The invention described herein is related to circuits and techniques for implementing a digital programmable frequency divider utilizing Josephson junction technology.
The purpose of the invention is to provide a digital programmable frequency divider, which overcomes the problems of the prior art.
The frequency divider consists of basic RSFQ cells: T flip-flops (designated as T), D flip-flops (designated as D), and Non-Destructive Read-Out cells (NDRO) or alternative DC-driven switches (designated as K).
The functionality of the Programmable Frequency Divider is rather complex. When all n switches are OFF (digital word K=0), it works as a regular ripple counter, dividing the input frequency by a factor of 2n. Let us consider the case where we close only the last switch (K=2n−1). Now, the output pulse loops back to the last T flip-flop, setting it to the initial state. Thus, the last flip-flop becomes effectively shunted and does not participate in the decimation process. So the dividing factor becomes 2n−1. Next, let us consider a slightly more complicated case, when we close only the first switch (K=1). Now, the decimated output SFQ pulse moves through the pipeline structure to shunt the first T flip-flop. For every 2n-th input SFQ pulse, the first T flip-flop idles its cycle, remaining in the initial state. Thus instead of 2n, we obtain a decimation factor 2n−1. This can be extrapolated for any given number K from 0 to 2n−1, or decimation factor from 1 to 2n. The most complicated case is when all switches are shorted (K=2n−1). In this case, every T flip-flop is “shunted” with a loopback. None of them divides the input signal, thus propagating it to the output without decimation.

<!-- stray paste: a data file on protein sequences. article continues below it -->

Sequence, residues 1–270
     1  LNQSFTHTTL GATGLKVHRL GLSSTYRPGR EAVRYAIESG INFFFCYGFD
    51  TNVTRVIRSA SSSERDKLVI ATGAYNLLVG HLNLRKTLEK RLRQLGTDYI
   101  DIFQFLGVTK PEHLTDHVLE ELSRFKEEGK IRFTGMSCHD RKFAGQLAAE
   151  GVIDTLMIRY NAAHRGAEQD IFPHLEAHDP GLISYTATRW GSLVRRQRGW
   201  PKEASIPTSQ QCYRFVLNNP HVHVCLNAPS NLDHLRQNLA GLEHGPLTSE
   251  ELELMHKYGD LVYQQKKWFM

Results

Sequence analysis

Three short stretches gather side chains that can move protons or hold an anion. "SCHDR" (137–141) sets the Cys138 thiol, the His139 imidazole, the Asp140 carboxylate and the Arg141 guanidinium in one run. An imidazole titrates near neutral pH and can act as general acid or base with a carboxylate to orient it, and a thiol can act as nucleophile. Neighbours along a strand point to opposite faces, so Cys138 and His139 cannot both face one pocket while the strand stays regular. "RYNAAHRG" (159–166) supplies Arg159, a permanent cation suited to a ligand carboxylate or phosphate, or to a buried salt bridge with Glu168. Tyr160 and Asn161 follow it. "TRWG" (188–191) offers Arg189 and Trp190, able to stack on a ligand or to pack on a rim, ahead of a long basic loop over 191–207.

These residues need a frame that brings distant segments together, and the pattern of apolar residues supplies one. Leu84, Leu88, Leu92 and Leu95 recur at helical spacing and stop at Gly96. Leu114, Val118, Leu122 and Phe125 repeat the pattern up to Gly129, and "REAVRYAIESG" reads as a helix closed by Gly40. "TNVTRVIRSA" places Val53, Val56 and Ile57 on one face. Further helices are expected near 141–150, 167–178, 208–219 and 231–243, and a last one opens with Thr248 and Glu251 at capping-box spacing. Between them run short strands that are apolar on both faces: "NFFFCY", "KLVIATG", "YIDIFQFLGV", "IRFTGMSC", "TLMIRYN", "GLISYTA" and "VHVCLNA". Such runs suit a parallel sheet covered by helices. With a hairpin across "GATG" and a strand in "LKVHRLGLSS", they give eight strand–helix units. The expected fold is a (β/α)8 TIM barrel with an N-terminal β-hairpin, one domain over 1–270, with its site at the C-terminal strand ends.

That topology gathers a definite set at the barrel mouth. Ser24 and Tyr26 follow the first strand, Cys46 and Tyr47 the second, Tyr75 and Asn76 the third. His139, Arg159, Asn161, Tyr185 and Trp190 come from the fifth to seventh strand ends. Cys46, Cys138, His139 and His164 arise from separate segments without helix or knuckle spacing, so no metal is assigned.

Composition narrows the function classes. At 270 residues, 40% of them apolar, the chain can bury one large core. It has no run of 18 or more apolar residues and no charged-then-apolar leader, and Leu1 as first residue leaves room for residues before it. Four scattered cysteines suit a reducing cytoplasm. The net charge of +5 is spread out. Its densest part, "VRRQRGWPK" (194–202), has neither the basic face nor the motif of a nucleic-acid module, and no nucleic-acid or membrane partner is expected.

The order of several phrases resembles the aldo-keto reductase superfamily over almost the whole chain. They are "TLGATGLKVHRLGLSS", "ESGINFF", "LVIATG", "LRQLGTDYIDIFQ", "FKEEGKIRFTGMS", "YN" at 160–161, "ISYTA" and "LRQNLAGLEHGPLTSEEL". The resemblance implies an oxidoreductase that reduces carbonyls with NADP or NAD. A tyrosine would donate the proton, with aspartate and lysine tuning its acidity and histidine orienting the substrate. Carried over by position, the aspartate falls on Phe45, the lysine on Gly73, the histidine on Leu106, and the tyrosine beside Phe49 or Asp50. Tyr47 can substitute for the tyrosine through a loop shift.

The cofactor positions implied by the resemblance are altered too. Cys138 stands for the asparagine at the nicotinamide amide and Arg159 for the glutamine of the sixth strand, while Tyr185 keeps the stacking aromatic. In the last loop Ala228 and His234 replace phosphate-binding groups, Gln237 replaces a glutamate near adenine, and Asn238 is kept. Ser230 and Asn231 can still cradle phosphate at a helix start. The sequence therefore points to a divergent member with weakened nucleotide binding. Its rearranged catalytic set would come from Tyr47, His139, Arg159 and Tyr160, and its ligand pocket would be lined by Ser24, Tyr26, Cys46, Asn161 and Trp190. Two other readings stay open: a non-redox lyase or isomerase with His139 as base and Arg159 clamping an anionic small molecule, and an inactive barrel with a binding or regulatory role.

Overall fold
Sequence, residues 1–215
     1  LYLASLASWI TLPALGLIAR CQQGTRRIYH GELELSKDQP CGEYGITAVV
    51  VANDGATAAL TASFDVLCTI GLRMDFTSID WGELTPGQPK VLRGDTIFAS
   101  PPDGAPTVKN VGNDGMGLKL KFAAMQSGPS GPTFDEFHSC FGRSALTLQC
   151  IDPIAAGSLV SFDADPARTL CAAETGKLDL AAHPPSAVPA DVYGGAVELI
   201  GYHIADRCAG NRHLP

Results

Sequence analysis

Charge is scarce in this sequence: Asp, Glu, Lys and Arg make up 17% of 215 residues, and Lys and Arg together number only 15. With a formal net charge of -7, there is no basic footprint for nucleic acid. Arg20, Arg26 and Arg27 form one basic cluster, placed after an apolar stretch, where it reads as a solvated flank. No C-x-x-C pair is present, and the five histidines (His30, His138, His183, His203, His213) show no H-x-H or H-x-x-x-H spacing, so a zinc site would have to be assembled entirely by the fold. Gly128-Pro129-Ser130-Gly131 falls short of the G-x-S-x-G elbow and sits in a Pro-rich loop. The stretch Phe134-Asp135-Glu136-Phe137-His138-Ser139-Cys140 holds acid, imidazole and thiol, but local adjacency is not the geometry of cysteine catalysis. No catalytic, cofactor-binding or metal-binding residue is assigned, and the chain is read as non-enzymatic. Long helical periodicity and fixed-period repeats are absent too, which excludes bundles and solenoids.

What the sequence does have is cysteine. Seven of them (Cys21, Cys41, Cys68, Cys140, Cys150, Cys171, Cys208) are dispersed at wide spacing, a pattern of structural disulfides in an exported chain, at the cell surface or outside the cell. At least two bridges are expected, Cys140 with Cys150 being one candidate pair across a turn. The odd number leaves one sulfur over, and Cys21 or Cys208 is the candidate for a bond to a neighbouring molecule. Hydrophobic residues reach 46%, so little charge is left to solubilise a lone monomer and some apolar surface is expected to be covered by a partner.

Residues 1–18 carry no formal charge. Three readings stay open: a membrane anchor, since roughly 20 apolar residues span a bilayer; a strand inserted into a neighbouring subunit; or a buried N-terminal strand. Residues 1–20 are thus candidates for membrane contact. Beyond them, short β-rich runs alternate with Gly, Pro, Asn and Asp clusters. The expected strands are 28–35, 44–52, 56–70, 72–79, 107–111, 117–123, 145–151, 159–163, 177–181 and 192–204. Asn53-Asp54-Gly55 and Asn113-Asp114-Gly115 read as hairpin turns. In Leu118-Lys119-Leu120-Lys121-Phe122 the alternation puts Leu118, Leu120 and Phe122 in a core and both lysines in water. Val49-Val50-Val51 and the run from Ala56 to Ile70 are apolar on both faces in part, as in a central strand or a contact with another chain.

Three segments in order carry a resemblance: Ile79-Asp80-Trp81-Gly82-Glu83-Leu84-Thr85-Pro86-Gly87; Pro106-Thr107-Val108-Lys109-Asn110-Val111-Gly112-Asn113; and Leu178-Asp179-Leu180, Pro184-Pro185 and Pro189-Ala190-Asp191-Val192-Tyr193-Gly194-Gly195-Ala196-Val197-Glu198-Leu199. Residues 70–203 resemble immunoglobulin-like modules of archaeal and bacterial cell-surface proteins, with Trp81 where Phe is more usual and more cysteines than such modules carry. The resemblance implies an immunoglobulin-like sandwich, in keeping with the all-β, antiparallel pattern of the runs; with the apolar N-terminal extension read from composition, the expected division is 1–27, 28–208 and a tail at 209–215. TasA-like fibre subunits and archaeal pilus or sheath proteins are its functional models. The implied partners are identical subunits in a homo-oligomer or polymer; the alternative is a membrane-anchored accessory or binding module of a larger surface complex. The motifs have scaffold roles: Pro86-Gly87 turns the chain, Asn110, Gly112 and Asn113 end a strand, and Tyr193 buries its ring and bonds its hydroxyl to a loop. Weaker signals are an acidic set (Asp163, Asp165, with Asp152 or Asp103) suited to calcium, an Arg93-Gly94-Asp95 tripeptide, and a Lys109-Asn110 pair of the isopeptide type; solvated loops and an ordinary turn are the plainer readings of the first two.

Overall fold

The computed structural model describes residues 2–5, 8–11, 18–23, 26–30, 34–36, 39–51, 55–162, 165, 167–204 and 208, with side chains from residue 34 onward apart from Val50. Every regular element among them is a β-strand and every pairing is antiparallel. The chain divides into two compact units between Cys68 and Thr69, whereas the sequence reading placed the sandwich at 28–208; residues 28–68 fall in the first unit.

The values of the normalized units for
A high-speed test was performed on a 10-bit PFD. We used a 50-GHz Agilent 83 650B generator for the input signal and monitored the output on a Tektronix TDS694C oscilloscope. The results of this test for 30.72 GHz input frequency are that the programmable frequency divider was operational within 18% DC bias current margins at decimation factor 1024 (K=0) and within 3% at decimation factor 500 (K=524). Because of a toggle-type SFQ-to-DC converter, there is an additional factor of 2 in frequency reduction at the output. Also, the low level of the signal and the phase noise from the amplifier caused slight (less than 0.01%) deviation of the measured from the expected frequency.
While various embodiments of the present invention have been illustrated herein in detail, it should be apparent that modifications and adaptations to those embodiments may occur to those skilled in the art without departing from the scope of the present invention as set forth in the following claims.
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|US6781435 *||Feb 3, 2003||Aug 24, 2004||Hypres, Inc.||Apparatus and method for converting a multi-bit signal to a serial pulse stream|
|Citing Patent||Filing date||Publication date||Applicant||Title|
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|US8489163||Aug 12, 2011||Jul 16, 2013||Northrop Grumman Systems Corporation||Superconducting latch system|
|US9473124||Jan 15, 2016||Oct 18, 2016||Hypres, Inc.||Low-power biasing networks for superconducting integrated circuits|
|WO2013025617A1 *||Aug 13, 2012||Feb 21, 2013||Northrop Grumman Systems Corporation||Superconducting latch system|
|U.S. Classification||327/117, 327/118, 327/119|